Featured image


Matt Glassman, “The SCOTUS Nomination, Senate Procedure, and Democratic Strategy,” Notice & Comment:

“With the announcement of Justice Kennedy’s retirement yesterday, many liberals have called on Senate Democrats to take action to block the Senate from confirming a new nominee to the Court. Here are six thoughts on the matter, from a Senate procedure point-of-view.”

John Berlau, “Judge protects us from ‘protection’ bureau,” Washington Examiner:

“As the Senate prepares for what should be a contentious confirmation hearing for President Trump’s nominee to head the powerful Bureau of Consumer Financial Protection, a federal judge in New York just rules that the BCFP’s unchecked power violates the Constitution… Congress and the courts must protect Americans from the unchecked “protection” of government entities.”


Joshua Huder, “The Discharge Petition Doesn’t Have to be Dead,” Legislative Procedure:

The immigration discharge petition died last week. Essentially, leaders killed the discharge  effort by pulling the underlying bill (H.R. 4760) to the floor. That meant that even though the discharge resolution is still pending at the clerk’s desk (H.Res.774), the resolution is effectively moot because the bill it would have discharged had already been voted on and the motion to reconsider was laid on the table. So that was that. But it actually wasn’t. There are at least a couple ways to get around it.”

Alexander Stern, “Can New Rules Fix a Broken House?,” Real Clear Policy:

“The Problems Solvers are a group of 48 congress members, equally balanced between Republicans and Democrats, pledging to fix a broken and polarized House. Their lunch was part of No Labels’ “Speaker Project,” a campaign to leverage the upcoming 2019 election of the Speaker of the House to pass needed rules changes.”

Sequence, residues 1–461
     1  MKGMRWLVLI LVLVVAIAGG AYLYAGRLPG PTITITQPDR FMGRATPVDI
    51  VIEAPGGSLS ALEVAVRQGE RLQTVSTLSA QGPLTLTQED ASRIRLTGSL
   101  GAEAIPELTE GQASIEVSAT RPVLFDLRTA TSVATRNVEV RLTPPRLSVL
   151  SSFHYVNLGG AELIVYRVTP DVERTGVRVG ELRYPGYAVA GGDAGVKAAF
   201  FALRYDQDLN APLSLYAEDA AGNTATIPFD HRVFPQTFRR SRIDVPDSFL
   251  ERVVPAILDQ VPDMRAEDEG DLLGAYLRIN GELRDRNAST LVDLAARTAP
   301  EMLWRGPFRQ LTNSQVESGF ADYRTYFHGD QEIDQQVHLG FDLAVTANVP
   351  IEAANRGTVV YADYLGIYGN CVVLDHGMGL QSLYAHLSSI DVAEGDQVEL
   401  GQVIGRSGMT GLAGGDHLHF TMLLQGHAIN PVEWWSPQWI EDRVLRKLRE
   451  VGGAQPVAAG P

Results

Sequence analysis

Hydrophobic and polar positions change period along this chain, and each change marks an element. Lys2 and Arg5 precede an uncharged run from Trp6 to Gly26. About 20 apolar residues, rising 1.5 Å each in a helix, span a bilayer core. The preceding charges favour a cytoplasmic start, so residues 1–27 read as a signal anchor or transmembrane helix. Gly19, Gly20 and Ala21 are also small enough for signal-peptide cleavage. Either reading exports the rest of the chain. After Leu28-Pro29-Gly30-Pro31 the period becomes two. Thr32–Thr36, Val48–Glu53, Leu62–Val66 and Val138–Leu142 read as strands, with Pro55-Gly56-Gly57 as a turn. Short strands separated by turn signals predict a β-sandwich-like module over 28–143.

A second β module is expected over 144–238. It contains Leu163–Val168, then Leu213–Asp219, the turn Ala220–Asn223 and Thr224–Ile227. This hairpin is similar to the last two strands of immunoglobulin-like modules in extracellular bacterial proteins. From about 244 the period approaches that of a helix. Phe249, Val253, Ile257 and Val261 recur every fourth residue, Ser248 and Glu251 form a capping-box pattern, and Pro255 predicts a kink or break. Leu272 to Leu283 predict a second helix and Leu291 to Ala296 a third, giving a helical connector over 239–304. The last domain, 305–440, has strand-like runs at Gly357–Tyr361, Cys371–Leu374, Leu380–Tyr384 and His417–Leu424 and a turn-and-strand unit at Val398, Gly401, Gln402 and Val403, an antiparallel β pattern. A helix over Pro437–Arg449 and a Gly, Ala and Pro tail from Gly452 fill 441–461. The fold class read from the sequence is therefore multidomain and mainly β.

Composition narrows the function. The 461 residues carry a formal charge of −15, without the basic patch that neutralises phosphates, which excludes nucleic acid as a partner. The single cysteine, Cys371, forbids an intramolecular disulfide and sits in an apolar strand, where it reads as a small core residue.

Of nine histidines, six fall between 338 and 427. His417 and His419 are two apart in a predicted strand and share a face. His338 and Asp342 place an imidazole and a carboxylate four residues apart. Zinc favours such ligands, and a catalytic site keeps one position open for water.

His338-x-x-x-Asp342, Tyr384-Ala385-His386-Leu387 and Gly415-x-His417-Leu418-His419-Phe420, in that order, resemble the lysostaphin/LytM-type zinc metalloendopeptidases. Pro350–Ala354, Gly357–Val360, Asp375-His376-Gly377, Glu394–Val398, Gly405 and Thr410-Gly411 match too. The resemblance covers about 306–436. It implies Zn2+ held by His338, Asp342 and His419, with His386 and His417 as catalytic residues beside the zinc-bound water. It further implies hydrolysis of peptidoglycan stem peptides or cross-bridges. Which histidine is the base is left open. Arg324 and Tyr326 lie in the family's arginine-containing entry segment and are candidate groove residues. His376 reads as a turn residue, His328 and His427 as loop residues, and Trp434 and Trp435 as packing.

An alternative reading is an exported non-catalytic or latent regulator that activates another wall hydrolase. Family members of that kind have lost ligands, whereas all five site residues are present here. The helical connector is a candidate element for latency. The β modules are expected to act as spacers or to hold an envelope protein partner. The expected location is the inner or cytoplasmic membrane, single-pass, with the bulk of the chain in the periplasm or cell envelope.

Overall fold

Stephanie Murray, “House Dem in ‘breach of decorum’ for playing audio of migrant kids crying,” Politico:

“Rep. Ted Lieu clashed with Republicans on Friday for playing an audio clip on the House floor of migrant children crying at a detention center.”

Congress, Miscellaneous

 Tom Daschle, “Opinion: 3 Ways to Defeat Dysfunction on the Hill,” Roll Call:

“More than anything, we believe it is critical the joint committee advance some reforms, even if they do not address every issue. The American public needs to see that members share their frustration with the current dysfunction, and that Congress is capable of reforming itself.”

Representative Ralph Norman, “Ensuring greater transparency in the travel of heads of federal agencies, Cabinet secretaries,” The Hill:

“Currently, members of Congress are not prohibited from flying lavishly and first-class, and there are no disincentives or laws preventing member of Congress, Cabinet secretaries or heads of agencies form doing so.”

Greg Weiner, “Congress Doesn’t Seem to Know Its Own Strength,” The New York Times:

“When the history of the cruel policy of family separation is written, constitutional theorists will record that more than 2,300 children were taken from their parents at the border because the legislative branch lost its appetite for legislating. This is what Congress, the first branch of government and the center of the constitutional regime, has become: an institutional supplicant that urges the other branches of government to do what it could do itself.”

Daniel Schuman, “Appropriators to strengthen access to Inspectors General reports,” Demand Progress:

“This appropriation, which is made to the GSA Inspector General but is directed towards CIGIE, is the first time there is a direct appropriation for CIGIE’s work…While an impressive first step, the Oversight.gov website can be significantly improved, and this will provide the funds to do that.”

Filed Under:
Topics: Other

Related Content